Hurricane Aletta rapidly intensified Friday morning to Category 4 on the Saffir-Simpson Scale. At 11:00 a.m. EDT on Friday the center of Hurricane Aletta was located at latitude 15.8°N and longitude 111.2°W which put it about 505 miles (815 km) west-southwest of Manzanillo, Mexico. Aletta was moving toward the west at 5 m.p.h. (8 km/h). The maximum sustained wind speed was 140 m.p.h. (220 km/h) and there were wind gusts to 165 m.p.h. (265 km/h). The minimum surface pressure was 943 mb.
An environment with warm Sea Surface Temperatures and little vertical wind shear allowed Hurricane Aletta to intensify rapidly during Thursday night and Friday morning. A small circular eye was evident at the center of circulation. A tight ring of strong thunderstorms completely surrounded the eye and the strongest winds were occurring in that ring of storms. Several bands of strong storms were revolving around the eastern and northern sides of the core of Hurricane Aletta. Storms around the core were generating very strong upper level divergence which was pumping away large quantities of mass from the hurricane. The removal of mass allowed the pressure to decrease rapidly and a stronger pressure gradient force generated much stronger winds.
Hurricane Aletta has a relatively small circulation. Winds to hurricane force extended out about 30 miles (50 km) from the center of circulation. Winds to tropical storm force extended out about 100 miles (160 km) from the center. The Hurricane Intensity Index (HII) was 28.3. The Hurricane Size Index (HSI) was 10.8 and the Hurricane Wind Intensity Size Index (HWISI) was 39.1. Hurricane Aletta is very similar in intensity and size to Hurricane Charley in 2004 when Charley hit southwest Florida.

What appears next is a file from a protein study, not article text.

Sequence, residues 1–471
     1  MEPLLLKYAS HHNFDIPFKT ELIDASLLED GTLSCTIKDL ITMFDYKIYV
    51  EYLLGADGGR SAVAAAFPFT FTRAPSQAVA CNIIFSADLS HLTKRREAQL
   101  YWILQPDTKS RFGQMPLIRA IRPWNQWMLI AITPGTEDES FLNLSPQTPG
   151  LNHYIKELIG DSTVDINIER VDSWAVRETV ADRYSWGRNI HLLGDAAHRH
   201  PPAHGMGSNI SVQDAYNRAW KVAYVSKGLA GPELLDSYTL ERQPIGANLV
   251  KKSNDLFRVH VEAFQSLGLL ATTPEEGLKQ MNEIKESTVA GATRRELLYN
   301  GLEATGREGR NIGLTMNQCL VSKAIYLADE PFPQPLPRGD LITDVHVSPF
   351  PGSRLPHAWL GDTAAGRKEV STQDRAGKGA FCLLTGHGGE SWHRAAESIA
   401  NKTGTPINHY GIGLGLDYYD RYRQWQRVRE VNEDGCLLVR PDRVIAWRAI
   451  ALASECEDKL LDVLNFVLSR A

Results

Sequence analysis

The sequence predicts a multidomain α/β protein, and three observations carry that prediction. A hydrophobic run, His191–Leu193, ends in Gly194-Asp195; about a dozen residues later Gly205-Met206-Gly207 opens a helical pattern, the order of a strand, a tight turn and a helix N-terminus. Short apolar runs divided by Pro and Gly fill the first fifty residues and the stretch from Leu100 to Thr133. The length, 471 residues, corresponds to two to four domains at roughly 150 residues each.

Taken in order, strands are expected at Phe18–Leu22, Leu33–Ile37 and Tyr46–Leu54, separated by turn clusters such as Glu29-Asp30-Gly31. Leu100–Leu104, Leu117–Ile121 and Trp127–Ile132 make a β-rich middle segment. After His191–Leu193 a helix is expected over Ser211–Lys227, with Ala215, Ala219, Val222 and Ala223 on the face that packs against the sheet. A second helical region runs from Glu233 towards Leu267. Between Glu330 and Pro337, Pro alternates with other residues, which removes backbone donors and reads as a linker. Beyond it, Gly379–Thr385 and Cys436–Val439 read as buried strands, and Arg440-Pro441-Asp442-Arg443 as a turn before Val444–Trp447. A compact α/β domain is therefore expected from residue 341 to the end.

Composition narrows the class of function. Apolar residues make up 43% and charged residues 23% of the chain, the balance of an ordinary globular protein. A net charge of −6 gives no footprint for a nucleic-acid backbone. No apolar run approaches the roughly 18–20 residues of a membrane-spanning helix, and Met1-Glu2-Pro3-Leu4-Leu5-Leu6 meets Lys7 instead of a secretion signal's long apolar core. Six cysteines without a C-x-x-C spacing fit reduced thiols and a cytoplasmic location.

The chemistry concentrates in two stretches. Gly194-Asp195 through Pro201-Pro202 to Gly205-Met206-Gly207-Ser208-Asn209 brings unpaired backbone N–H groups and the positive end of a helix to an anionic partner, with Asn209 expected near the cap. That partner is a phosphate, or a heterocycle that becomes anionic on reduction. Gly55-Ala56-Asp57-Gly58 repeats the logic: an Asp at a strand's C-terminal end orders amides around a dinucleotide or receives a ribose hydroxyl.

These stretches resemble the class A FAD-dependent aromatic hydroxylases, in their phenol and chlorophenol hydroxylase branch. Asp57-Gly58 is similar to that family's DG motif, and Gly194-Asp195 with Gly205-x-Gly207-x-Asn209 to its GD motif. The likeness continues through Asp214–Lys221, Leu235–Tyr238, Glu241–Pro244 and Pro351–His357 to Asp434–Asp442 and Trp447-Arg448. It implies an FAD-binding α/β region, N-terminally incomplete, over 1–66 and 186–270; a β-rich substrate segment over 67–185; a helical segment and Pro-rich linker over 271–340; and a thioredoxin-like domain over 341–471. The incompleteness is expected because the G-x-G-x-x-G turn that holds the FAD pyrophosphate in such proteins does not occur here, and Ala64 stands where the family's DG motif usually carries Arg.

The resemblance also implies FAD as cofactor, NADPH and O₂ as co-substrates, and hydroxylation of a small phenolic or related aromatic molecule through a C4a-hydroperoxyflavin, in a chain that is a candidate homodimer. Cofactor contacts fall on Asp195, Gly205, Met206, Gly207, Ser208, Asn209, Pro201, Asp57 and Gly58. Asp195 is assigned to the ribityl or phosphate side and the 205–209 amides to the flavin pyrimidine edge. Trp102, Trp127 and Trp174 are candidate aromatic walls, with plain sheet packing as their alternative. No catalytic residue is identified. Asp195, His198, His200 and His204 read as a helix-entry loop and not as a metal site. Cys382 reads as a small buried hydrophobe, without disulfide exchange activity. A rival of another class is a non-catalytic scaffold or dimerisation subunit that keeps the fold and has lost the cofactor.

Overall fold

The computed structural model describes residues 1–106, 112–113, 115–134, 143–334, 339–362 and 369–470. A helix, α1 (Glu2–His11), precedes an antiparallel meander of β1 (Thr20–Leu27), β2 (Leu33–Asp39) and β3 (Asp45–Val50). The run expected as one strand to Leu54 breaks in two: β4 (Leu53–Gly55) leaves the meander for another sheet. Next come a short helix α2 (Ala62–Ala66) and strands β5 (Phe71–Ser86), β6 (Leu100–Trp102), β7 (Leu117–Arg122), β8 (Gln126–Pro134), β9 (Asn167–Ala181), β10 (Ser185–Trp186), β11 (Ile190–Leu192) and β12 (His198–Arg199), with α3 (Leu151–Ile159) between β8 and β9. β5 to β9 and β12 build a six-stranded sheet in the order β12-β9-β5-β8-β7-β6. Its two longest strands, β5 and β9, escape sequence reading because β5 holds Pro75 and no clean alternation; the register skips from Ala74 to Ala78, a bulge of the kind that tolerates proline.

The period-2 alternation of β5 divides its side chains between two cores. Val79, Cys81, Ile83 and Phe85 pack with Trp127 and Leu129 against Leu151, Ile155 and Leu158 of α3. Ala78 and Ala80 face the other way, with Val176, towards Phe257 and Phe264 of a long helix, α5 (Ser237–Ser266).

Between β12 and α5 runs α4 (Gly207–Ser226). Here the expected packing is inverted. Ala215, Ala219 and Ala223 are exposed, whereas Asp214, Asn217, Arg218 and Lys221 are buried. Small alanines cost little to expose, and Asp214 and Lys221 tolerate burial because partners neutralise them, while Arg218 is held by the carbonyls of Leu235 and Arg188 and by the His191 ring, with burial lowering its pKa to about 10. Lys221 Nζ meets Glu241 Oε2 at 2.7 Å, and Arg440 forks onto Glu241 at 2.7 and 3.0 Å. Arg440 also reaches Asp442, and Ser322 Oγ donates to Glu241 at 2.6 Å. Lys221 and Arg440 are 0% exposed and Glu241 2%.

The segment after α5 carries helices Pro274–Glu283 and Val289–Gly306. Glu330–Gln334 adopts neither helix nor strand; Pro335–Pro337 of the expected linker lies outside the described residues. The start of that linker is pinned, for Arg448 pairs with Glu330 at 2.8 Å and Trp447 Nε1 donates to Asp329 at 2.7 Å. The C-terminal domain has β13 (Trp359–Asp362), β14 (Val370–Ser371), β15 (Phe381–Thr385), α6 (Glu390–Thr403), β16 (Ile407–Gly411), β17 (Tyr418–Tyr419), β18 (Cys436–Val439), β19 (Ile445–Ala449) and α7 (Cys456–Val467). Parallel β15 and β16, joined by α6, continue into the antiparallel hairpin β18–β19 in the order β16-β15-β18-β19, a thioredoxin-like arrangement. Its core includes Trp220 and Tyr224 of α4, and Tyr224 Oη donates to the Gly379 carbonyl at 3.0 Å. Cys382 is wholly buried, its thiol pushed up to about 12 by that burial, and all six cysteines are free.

Hurricane Aletta will remain in a favorable environment of warm water and little vertical wind shear for another 12 to 24 hours. So, it could strengthen more in the short term. Aletta will start to move over cooler water during the next day or so. There will be less energy in the upper ocean to support the intense hurricane. In addition, a upper level trough to the northwest of Aletta will produce southwesterly winds which will blow toward the top of the circulation. Increased vertical wind shear will speed up the rate of weakening. Since the circulation of Hurricane Aletta is relatively small, it could weaken fairly quickly.
Hurricane Aletta is moving around the southwestern part of a ridge over Mexico. The ridge has been steering Aletta toward the west. A turn more toward the northwest is expected when Hurricane Aletta nears the western end of the ridge. On its anticipated track Hurricane Aletta is forecast to move farther away from the west coast of Mexico.